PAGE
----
And then there’s the Jalen Hurts theory. The Eagles’ decision to select Hurts in the second round last April caught many in the organization by surprise. When explaining the pick, Roseman said the Eagles wanted to be a “quarterback factory,” a comment he now wishes he could have back. Roseman thought he could snag a competent backup quarterback with upside at a low cost, and Lurie was all for the move. What they both underestimated was how the young players on the roster, particularly those who didn’t have a history with Wentz, would gravitate toward Hurts.

    Some in the organization thought it shouldn’t have been an issue. Wentz had received a $128 million contract extension from the team, and in the eyes of some, Lurie and Roseman had coddled him throughout his tenure.

    On the other hand, Wentz had experienced a turbulent four seasons in Philadelphia. Nick Foles led the team on its Super Bowl run in 2017 and to the divisional round of the playoffs the following year after Wentz suffered a pair of successive season-ending injuries. In 2019, Wentz suffered a concussion in the first quarter of the only playoff game he’s appeared in. In between it all, there were anonymous leaks suggesting that Wentz needed to do a better job connecting with teammates.

    Multiple sources said the loss of Reich after 2017 played a role in Wentz’s regression. It wasn’t just that Reich had a connection with Wentz. One source described him as Pederson’s glue, a supportive right-hand man who served as a valuable intermediary.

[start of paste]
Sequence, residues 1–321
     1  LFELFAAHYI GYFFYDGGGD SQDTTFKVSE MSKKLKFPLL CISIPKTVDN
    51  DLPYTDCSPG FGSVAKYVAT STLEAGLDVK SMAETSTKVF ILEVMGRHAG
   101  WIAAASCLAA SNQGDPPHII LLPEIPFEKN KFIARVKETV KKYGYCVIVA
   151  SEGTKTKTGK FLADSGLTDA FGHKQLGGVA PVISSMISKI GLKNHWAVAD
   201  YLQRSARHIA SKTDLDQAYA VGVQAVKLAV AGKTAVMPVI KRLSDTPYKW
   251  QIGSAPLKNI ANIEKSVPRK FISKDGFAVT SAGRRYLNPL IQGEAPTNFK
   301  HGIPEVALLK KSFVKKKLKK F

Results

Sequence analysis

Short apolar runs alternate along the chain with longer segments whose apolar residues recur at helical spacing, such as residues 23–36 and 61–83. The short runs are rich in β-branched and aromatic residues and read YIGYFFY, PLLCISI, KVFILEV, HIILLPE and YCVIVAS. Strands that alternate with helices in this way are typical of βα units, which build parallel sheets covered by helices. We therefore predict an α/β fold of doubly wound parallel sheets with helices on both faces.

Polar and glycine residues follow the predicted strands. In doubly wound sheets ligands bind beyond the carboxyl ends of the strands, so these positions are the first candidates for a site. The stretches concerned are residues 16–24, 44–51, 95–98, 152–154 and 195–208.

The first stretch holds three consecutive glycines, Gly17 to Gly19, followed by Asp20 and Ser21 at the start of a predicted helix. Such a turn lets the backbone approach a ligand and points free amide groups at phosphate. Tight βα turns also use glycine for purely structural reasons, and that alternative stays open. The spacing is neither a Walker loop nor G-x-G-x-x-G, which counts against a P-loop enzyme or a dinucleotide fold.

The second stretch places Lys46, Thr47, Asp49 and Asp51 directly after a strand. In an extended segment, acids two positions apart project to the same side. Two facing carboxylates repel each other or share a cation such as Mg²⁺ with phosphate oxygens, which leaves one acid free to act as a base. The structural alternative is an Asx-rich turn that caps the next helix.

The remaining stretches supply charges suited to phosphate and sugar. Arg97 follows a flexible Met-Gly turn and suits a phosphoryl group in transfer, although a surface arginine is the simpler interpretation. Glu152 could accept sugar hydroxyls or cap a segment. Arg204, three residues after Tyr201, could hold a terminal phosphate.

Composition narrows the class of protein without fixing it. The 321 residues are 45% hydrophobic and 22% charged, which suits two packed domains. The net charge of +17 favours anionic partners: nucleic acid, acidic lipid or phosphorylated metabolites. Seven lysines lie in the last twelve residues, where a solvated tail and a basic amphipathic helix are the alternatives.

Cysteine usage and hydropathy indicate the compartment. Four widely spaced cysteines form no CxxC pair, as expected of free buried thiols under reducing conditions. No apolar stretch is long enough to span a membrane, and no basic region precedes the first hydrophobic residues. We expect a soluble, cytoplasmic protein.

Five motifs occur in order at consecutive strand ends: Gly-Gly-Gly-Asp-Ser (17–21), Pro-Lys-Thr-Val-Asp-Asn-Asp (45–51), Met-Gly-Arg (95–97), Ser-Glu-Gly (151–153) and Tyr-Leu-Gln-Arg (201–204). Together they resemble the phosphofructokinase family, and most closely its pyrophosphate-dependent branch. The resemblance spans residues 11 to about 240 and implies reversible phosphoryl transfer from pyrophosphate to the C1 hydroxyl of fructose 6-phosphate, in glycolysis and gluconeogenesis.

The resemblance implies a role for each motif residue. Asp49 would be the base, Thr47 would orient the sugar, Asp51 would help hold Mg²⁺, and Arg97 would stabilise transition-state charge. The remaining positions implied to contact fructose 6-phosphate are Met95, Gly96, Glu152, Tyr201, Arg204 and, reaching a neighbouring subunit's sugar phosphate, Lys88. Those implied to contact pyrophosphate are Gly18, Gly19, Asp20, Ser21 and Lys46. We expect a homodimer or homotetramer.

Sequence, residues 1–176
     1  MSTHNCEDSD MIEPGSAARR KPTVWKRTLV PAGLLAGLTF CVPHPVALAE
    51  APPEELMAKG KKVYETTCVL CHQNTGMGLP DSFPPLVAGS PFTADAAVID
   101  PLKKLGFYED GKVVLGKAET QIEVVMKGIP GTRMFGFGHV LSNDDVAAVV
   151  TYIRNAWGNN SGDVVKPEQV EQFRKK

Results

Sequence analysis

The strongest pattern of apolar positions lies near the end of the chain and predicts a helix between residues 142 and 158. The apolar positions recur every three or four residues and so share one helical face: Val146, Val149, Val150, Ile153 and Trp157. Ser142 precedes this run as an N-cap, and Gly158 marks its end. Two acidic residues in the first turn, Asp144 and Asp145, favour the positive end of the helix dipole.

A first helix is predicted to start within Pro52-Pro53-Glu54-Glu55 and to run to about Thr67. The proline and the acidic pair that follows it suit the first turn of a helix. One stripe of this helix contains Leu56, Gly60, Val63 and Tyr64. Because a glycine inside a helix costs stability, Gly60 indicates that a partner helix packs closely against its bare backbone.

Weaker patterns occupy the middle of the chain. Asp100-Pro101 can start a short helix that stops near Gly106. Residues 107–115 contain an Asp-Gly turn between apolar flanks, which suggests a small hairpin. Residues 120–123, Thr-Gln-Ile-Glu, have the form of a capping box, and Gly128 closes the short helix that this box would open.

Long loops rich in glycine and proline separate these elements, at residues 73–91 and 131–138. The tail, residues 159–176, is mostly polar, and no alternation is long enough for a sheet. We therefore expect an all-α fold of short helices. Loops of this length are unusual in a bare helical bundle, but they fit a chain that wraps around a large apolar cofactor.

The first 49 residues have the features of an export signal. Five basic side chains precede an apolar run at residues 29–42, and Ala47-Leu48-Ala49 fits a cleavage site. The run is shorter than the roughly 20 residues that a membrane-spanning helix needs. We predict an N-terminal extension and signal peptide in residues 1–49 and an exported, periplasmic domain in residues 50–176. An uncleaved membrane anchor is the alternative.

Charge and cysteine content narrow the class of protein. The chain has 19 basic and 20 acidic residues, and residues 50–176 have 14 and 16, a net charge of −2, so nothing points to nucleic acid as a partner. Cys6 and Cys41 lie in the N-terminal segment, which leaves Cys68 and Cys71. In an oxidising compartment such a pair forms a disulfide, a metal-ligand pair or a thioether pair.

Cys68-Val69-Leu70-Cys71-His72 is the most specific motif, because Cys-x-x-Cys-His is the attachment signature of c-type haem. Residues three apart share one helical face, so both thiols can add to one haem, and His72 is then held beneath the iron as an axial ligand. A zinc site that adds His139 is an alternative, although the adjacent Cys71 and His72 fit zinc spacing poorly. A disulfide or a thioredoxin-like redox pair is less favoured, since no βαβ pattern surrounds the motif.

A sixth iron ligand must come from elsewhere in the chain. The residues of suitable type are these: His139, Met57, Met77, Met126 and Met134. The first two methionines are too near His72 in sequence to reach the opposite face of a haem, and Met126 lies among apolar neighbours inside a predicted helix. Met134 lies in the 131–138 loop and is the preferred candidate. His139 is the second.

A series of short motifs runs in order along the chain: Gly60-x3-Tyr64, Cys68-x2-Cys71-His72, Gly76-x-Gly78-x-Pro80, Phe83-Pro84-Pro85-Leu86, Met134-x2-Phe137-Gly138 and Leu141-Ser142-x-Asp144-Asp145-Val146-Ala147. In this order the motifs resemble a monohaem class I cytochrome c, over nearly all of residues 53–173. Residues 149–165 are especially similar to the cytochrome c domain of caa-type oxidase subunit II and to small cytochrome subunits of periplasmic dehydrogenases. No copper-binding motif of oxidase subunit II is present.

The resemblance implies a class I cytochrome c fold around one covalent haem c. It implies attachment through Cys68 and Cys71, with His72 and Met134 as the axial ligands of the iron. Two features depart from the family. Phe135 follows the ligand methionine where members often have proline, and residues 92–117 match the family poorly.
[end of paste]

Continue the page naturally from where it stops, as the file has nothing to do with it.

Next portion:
The relationship between head coach and quarterback deteriorated as things went south in 2020. One source described Wentz as smarter than most of the coaches on staff, but that meant he wanted to control the game at the line of scrimmage with checks and audibles. His pre-snap orchestrations led to confusion among the other players and resulted in guys not being on the same page. Pederson struggled to find a balance between empowering Wentz and reining him in.

    The overall issues in 2020 were exacerbated by a series of personnel misses. Roseman has admitted that he thought the Eagles had a Super Bowl window as justification for giving up draft picks to acquire players like Golden Tate, Genard Avery and Darius Slay. As a result of his overall philosophy, the organization made just 10 total picks in 2018 and 2019.

    The Eagles traded up in the first round for tackle Andre Dillard in 2019, and he has started just four games in two seasons. Arcega-Whiteside has just 254 receiving yards in two seasons. It’s too soon to judge Reagor, but it will be impossible to discuss his career without acknowledging the Eagles took him one spot ahead of Minnesota’s Justin Jefferson, who already looks like a star.